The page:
When the COVID-19 pandemic hit the U.S. in full force in March and April 2020, the housing market took an understandable dive. Fewer of us were interested in selling our houses, opening them up for showings, or making big moves. Starting in June 2020, however, things began to bounce back, and since then the housing market has experienced an unprecedented boom.
Denver, CO, and the surrounding areas are the perfect example of how difficult it has become for people to find their next home. From April to June of 2021, most homes in the Denver metro area were on the market for little more than a weekend. Some areas saw median home sale prices that were 50% higher than the year before. And the price per square foot for homes sold is up across the board.
Our new analysis of the Denver area on a ZIP code level shows how much buying a home has changed there since the pandemic began, as well as where exactly in the city the biggest changes have taken place. This comparison of Denver in Q2 2020 to Q2 2021 tells the story.
Sale prices increased in every Denver-area ZIP code we measured except for one. The largest increases told an interesting story: The center of the city — ZIP code 80218, which includes parts of Capitol Hill and Alamo Placita — saw the biggest increase in sale prices, but other top areas include the city’s southern suburbs and mountain towns to the west. ZIP codes in Littleton, Evergreen, Foxton, and Boulder all saw sale price gains of at least 40%.
Percent change rounded to the nearest whole number.
In the early days of the pandemic, much of Denver had a DOM of between 1-3 weeks. As of Q2 2021, however, the median DOM is down to just four days in nearly all measured ZIP codes. The competition for homes across Denver has brought most ZIP codes in line with one another — most houses that go on the market on Thursday are off of it by Monday.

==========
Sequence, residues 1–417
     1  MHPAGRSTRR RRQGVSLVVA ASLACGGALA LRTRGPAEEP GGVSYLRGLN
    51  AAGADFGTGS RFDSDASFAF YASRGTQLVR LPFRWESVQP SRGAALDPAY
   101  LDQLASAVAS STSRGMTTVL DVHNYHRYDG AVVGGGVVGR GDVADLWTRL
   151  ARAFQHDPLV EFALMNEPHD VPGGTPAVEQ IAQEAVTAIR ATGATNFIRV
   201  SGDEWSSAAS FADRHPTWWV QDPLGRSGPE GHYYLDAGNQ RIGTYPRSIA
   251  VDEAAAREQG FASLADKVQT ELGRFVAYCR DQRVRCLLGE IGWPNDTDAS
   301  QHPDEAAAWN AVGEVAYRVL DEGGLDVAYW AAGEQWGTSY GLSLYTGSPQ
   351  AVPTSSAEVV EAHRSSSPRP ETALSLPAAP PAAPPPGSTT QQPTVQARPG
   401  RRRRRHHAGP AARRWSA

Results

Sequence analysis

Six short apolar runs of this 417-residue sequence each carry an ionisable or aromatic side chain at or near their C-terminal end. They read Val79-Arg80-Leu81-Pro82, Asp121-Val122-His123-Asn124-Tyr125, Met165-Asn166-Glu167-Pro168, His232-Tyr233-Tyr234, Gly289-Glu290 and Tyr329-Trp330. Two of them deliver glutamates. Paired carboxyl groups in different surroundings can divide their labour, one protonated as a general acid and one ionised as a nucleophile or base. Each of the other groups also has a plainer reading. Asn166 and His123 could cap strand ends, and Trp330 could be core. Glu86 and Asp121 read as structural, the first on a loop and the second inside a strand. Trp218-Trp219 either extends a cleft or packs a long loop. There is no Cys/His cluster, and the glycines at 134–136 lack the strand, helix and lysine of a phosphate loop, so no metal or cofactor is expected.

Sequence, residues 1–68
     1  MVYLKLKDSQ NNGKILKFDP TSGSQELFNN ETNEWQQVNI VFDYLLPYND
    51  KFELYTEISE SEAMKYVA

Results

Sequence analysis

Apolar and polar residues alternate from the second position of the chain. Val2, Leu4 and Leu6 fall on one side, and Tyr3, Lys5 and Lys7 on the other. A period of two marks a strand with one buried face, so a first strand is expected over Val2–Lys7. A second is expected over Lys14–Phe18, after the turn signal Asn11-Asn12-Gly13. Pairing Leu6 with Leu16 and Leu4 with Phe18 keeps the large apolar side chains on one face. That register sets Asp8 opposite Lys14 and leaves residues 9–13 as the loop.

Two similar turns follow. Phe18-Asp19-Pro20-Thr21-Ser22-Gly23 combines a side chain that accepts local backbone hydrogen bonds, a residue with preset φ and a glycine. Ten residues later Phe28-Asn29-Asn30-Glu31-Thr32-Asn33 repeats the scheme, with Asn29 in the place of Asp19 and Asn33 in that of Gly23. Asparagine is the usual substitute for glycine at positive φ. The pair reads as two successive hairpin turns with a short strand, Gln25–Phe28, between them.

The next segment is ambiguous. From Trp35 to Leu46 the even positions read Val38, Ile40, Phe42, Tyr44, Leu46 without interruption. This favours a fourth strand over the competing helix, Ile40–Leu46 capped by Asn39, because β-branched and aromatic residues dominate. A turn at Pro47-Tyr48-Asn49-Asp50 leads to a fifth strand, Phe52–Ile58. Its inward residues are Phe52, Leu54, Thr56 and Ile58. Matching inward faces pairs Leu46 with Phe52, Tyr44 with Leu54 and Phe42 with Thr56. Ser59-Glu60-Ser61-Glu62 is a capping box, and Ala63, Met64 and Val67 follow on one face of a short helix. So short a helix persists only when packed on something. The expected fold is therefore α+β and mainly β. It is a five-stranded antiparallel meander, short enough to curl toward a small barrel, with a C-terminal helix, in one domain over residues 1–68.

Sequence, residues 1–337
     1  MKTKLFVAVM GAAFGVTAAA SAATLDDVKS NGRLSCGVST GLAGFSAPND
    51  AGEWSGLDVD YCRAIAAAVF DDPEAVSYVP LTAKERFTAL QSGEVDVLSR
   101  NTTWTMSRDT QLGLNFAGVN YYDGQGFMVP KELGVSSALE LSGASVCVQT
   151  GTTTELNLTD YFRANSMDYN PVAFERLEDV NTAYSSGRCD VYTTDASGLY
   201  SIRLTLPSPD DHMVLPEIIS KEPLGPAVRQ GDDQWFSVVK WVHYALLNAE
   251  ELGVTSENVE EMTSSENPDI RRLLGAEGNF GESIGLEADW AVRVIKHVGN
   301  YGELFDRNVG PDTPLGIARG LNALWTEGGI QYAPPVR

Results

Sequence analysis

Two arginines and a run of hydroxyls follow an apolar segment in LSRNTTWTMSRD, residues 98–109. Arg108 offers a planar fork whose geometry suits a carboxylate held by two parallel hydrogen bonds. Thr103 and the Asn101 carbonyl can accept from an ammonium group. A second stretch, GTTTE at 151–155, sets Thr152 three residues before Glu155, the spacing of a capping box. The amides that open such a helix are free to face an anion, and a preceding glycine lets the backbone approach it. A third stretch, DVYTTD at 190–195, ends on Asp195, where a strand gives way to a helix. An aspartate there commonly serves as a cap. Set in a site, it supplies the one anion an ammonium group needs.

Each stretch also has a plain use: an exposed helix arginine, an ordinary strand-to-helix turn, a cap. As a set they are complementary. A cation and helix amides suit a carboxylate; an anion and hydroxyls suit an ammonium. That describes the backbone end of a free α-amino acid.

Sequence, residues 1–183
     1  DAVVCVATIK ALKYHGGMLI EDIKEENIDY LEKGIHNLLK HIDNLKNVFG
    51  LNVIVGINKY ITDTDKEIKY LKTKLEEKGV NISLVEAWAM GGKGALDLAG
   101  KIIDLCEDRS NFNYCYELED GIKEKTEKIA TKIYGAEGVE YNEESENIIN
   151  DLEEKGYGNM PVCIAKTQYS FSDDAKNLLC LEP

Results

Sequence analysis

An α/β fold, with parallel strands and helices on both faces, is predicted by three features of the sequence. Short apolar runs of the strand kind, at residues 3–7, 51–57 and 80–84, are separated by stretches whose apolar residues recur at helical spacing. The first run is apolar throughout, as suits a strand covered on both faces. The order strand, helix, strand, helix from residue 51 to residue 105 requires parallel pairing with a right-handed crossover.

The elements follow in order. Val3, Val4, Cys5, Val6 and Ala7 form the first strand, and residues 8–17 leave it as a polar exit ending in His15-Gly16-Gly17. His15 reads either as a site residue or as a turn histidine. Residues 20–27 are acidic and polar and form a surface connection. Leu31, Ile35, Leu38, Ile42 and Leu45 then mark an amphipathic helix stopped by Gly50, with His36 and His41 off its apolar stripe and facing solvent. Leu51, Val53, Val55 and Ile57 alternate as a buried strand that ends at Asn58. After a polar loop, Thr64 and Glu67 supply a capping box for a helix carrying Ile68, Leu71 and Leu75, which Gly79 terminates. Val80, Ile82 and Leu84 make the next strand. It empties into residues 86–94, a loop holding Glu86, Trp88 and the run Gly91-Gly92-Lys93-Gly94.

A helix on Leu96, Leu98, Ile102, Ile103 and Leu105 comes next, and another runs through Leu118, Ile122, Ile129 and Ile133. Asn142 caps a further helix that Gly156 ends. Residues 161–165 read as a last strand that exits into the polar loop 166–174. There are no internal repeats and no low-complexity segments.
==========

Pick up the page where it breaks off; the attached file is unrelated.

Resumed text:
ZIP codes with the biggest changes in DOM are in the areas north and east of the city, which were much less competitive in Q2 2020. These ZIPs encompass towns such as Elizabeth and Castle Rock. Homes in these ZIP codes now go nearly as quickly as those in the more traditionally sought-after neighborhoods and suburbs of Denver.
Days rounded to the nearest whole number.
As competition for homes in Denver has heated up, you now have to shell out more money to get the same amount of house as you did in 2020. In ZIP code 80301, which maps to the Boulder area, the median price per square foot leapt by over $100, by far the biggest total difference across all ZIP codes.
Other areas that saw massive percent increases in price per square foot include ZIP codes in Westminster, Lakewood, Fort Logan, Littleton, and Bailey.
Percent change rounded to the nearest whole number.
Denver and nearby cities like Boulder have long been sought-after places to live. Even before the pandemic, the hunt for the perfect home could be a difficult one. Boulder, for example, has many restrictions on the development of new housing — so finding a home there has never been easy.
The pandemic housing boom has changed the face of Denver’s real estate market. Homes across Denver are simply much more valuable and difficult to buy than ever before. And in keeping with post-pandemic real estate trends, the search for more living space has extended into the suburbs and mountain towns beyond Denver’s borders — though centrally located neighborhoods within the city were no slouches, either.
It remains to be seen whether these trends will continue as we hopefully return to “normalcy.”
If you still have your heart set on buying in Denver, learn how to buy when the market is really hot, and read up on why a cash offer for the home of your dreams will likely beat a financed one.
The following is the full list of Denver ZIP codes we measured, and how their median sale prices, median prices per square foot, and median days on market changed from April-June 2020 to April-June 2021.
To create this report, Orchard analyzed transactions across all ZIP codes in the Denver MLS for two three-month periods: April-June of 2020, and April-June of 2021. All ZIP codes with at least 25 home sale transactions of single-family homes and townhomes in both time frames were included in the analysis. For each metric, Orchard compared the difference between each time frame, and ranked ZIP codes based on either the total difference (for median DOM) or percent difference (for median sale prices and median price per square foot).
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